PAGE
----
By Luis Vasquez
As the semester comes to an end, East Los Angeles College students are often overwhelmed by finals, in a desperate attempt to enhance their grade students are often faced with the dilemma of looking for help from professors, should professors hand out aid for those who seek it?
Or are their hands tied for they have done enough to help their students?
Finals week approaches, this is usually the time during the semester where students attempt to find a way to improve their grade by any means nessesary.
Students often find themselves visiting a professor during office hours and begin by requesting the status of their grade.
To some this discussion ends with a positive outcome, having earned an A in the class.
It is now evident that their time and effort did not go to waste for they have yielded the best grade they can earn.
For others, the professor informs them they have academically fallen behind and are in danger of either failing the class or barely getting by with a minimal passing grade.
A sense of desperation kicks in, faced with failing and having to repeat the class having been on both sides of the fence.
Some students ask the professor if there is any extra credit available in the class.
Their desperation is evident. However they are limited to what they can do.
The professor cannot aid the student’s attempt to improve their grade.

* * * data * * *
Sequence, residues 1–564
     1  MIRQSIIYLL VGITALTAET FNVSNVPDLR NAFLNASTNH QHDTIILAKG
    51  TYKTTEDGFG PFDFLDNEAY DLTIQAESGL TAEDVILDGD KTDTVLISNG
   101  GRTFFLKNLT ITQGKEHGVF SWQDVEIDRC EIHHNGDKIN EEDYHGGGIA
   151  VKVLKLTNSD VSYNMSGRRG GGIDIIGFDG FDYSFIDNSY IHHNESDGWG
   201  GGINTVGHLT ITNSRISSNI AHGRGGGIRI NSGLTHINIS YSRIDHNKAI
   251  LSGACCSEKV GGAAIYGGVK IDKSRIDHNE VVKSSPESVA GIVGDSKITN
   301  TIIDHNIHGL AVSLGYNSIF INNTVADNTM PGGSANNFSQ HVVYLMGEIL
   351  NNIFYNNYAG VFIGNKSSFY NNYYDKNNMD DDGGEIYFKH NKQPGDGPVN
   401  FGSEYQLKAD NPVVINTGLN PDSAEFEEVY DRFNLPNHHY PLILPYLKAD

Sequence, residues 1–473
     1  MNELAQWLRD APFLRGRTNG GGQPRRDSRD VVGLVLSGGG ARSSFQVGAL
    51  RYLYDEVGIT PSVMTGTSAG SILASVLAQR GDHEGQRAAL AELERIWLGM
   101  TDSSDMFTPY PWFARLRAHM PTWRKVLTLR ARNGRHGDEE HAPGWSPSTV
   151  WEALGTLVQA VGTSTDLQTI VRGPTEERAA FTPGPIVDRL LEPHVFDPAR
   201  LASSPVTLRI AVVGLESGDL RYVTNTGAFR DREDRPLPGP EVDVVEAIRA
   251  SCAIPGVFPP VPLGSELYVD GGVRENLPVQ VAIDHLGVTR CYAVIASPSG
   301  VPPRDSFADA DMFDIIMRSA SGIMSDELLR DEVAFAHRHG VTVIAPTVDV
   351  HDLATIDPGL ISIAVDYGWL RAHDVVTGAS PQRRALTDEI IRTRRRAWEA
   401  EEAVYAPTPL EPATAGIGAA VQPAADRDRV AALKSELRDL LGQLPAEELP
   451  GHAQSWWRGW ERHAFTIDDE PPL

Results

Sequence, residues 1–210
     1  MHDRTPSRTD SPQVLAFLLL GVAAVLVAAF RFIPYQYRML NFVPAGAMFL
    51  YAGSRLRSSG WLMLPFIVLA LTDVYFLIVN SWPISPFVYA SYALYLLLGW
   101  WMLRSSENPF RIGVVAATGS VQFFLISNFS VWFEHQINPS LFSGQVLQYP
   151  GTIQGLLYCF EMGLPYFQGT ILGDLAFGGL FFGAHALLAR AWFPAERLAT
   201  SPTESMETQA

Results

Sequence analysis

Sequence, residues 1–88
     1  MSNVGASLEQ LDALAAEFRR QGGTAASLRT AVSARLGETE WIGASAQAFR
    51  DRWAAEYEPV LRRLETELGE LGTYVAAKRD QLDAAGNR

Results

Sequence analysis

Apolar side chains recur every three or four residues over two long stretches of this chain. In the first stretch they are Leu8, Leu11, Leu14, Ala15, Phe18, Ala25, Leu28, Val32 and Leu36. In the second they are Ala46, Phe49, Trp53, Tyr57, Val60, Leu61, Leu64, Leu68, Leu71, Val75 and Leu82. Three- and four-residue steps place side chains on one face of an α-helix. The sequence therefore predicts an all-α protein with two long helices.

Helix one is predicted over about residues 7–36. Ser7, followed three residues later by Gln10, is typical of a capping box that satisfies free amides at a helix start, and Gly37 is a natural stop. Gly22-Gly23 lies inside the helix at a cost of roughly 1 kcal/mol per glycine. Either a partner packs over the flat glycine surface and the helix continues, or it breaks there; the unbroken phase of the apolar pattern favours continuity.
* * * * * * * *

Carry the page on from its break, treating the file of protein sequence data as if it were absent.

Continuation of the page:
The student then leaves the meeting furious, often criticizing the professor for not offering anything to improve their grade.
Students guilty of this act cannot accept the fact that they only have themselves to blame and shouldn’t fault the professor for putting them in this position.
Psychology major Rosa Gonzales said, “It’s a hard thing to admit but it’s the undeniable truth, the grade you receive is the grade you deserve.
Sure, everyone faces obstacles throughout the semester, but you have the entire semester to formulate a plan in which you can ask the professor for help, not wait until the end of the semester.”
At the beginning of the semester, the professor usually hands out a syllabus in which students become aware of the grading rubric as well as whether or not there will be an opportunity for extra credit.
Students should be aware of these opportunities.
Students should not treat extra credit as if it is a right and realize that the professor generously hands out extra credit at an appropriate time in the semester to help students in need.
Professors do not want to see a student fail the course.
However, the professor is limited in what he can do.The semester is long and tedious. Time and effort must be exerted into a course to be awarded a good grade.
It is not the fault of the professors that their students chose to fall behind academically.
Some students misinterpret the word extra credit. They feel they are entitled to it and feel they can ask for it whenever they best see fit.
However they are wrong.
If a professor chooses to grant the class with extra credit, they do so in order to see his students flourish in the classroom.
The consequences of procrastination bear bitter, students are awarded the grade they earn.